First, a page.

“I had to use my card. It was damn near $300. But that put me back, because that came out of my rent money. [I was able to make rent], but I had to pay a late fee, which was only $25, but that could have been used towards my cable bill, my Internet bill.”
—North Carolina State Fair Worker
Even as the economy recovers, unemployment decreases, and median income rises, millions of households in the United States continue to barely scrape by. For years, society has placed the responsibility for financial shortcoming on the individual: a character flaw. But behavioral science shows that it’s really a failing of the broader system: a design flaw.
In 2015, we launched the Common Cents Lab, supported by MetLife Foundation, to explore these system failures, and develop innovative and implementable solutions to measurably improve the financial well-being of low- to moderate-income households in the United States. Here’s what we’ve found.
The Deck Is Stacked
The current financial system and tools are not designed for the modern worker in modern society. Most mainstream financial products are built for long-term, salaried employees with regular income, predictable expenses, and plenty of free time. Consider:
- Most loan payments and household bills are due monthly, despite the fact that almost 70 percent of businesses pay their employees weekly or bi-weekly.
- The most successful retirement products are offered through employers, but more than 30 million full-time, year-round workers don’t work for an employer that offers one.
- Mortgages and other loans are often approved based on a prior month’s income, but the income of most 1099 contractors (like Uber and Lyft drivers, and freelancers) varies significantly month to month. A given paycheck can net up to 10 times more or less than the one before that, making a prior month’s income an unreliable predictor of yearly income and ability to repay.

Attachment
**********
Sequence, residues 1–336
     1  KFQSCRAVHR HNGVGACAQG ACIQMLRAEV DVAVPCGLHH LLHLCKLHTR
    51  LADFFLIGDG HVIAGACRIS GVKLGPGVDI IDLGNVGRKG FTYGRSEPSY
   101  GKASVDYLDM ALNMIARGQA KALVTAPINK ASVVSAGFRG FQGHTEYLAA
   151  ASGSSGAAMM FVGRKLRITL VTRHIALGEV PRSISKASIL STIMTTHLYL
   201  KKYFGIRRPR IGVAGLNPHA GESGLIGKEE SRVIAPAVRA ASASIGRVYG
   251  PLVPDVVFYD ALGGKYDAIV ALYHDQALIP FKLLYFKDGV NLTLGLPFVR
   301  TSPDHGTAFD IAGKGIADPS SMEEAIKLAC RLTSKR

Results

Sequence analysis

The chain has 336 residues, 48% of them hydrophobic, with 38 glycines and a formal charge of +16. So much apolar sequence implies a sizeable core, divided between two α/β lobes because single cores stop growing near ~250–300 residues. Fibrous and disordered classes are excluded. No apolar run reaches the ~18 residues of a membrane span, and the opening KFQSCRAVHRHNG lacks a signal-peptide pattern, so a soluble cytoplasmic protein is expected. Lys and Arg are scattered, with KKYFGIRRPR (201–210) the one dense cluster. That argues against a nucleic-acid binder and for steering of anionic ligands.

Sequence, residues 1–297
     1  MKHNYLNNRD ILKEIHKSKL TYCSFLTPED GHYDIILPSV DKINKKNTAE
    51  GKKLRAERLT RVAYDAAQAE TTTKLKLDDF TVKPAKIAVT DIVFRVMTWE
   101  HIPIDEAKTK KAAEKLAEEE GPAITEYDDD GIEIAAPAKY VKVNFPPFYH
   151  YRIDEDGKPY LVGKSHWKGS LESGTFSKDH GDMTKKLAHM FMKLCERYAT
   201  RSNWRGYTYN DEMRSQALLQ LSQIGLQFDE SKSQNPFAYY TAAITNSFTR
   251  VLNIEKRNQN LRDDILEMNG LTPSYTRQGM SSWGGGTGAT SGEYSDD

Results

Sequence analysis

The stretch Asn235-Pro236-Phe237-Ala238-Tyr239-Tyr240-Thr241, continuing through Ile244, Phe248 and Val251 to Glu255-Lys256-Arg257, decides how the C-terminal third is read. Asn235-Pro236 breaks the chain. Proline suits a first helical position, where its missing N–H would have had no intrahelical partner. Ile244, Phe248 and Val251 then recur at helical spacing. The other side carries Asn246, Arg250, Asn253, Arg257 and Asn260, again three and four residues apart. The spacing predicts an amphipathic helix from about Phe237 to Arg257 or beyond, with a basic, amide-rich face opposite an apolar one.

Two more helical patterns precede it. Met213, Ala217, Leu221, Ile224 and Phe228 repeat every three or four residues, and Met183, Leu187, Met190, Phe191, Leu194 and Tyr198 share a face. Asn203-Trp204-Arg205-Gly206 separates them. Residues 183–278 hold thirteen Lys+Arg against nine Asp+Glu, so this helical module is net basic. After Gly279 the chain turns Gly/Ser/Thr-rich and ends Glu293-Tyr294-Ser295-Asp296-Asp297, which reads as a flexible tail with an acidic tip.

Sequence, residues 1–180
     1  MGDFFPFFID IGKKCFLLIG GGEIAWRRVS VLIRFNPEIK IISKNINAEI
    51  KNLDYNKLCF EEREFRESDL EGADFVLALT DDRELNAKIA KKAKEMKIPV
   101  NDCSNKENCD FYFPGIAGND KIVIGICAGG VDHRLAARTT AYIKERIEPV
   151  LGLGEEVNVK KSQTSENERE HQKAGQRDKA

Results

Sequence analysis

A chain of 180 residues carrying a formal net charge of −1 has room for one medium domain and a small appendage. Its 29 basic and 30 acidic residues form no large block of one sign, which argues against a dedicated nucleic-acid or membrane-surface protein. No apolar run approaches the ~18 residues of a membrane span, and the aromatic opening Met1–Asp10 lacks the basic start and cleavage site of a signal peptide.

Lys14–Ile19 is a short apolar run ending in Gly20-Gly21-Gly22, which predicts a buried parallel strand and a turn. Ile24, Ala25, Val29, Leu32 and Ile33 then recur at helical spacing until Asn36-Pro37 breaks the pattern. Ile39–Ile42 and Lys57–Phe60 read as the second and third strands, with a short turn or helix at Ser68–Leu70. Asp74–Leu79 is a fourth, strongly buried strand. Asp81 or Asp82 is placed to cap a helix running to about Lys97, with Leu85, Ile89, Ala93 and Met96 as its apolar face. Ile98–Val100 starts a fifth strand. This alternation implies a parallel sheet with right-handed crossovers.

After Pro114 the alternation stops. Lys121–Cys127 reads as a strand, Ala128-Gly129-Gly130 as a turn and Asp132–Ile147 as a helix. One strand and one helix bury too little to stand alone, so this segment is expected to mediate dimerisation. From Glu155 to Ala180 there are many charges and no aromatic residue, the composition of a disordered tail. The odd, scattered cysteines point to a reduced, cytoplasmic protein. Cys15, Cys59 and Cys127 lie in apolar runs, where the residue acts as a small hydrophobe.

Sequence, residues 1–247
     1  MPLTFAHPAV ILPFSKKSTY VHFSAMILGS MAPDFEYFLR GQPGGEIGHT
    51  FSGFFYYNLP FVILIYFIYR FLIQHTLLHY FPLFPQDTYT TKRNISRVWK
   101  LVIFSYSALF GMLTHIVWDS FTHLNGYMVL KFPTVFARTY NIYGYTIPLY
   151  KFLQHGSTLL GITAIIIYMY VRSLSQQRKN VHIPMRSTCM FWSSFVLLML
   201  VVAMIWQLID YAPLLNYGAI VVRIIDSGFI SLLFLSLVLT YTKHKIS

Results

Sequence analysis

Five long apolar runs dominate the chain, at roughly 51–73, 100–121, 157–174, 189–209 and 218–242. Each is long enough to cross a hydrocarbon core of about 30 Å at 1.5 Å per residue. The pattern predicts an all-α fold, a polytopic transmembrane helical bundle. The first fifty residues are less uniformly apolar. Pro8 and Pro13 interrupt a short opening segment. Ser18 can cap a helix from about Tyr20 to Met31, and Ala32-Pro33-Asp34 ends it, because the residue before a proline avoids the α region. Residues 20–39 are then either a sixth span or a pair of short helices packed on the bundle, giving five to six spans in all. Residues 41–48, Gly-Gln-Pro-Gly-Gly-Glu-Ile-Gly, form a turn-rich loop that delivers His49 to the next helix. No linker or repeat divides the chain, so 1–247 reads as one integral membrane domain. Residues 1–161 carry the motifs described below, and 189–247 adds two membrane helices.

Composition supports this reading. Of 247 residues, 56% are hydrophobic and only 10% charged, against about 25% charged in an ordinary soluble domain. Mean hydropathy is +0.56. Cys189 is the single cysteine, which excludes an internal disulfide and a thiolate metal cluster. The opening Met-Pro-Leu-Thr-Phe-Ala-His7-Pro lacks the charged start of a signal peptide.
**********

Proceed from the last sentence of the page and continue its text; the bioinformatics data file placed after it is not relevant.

These clear mismatches amplify existing psychological barriers that already prevent people from making optimal decisions. For example, humans have evolved to overvalue the present and procrastinate on decisions that benefit our future selves. This was helpful when our survival depended on focusing on the here and now, but less helpful now that we expect to live beyond our working years.
Nature vs. Nurture
As social animals relying on visual cues, we naturally spend our money on the visible, like cars and clothes, rather than the invisible, like savings balances. Understandably, these psychological impulses are hard to control, especially when the backdrop is a poorly designed financial system. This begs the question: Should we try to change the human or change the environment?
In the last few years, attention has slowly begun to shift away from attempting to fundamentally change human psychology toward changing the environment to account for the psychology. Researchers have successfully applied insights like generating better mental frameworks for budgeting, reducing the friction to sign up for benefits programs, and making the right behavior the easy choice.
This process has already demonstrated three ways in which we can guide behavior:
1. Build better mental models.
When we receive a large sum of money, we sometimes fail to account for opportunity costs. Opportunity costs are what we give up whenever we make a decision. This means we may spend more than we intend to spend, because we don’t think of all other things we could do with that money instead.
Our team suspected this was happening for Supplemental Nutrition Assistance Program (SNAP) participants, who receive their benefit in one lump sum every month. We analyzed anonymous data for SNAP recipients and found out that on average, they spend 80 percent of their SNAP budget in the first nine days after receiving their benefit.
In partnership with Propel, an app that shows SNAP recipients their remaining balance, we were able to help families stretch their benefits two additional days simply by reframing their benefits as a weekly budget rather than a monthly one. This helped households better understand their available funds and encouraged considerations of trade-offs between food items—a clear way to tweak the environment to account for human psychology.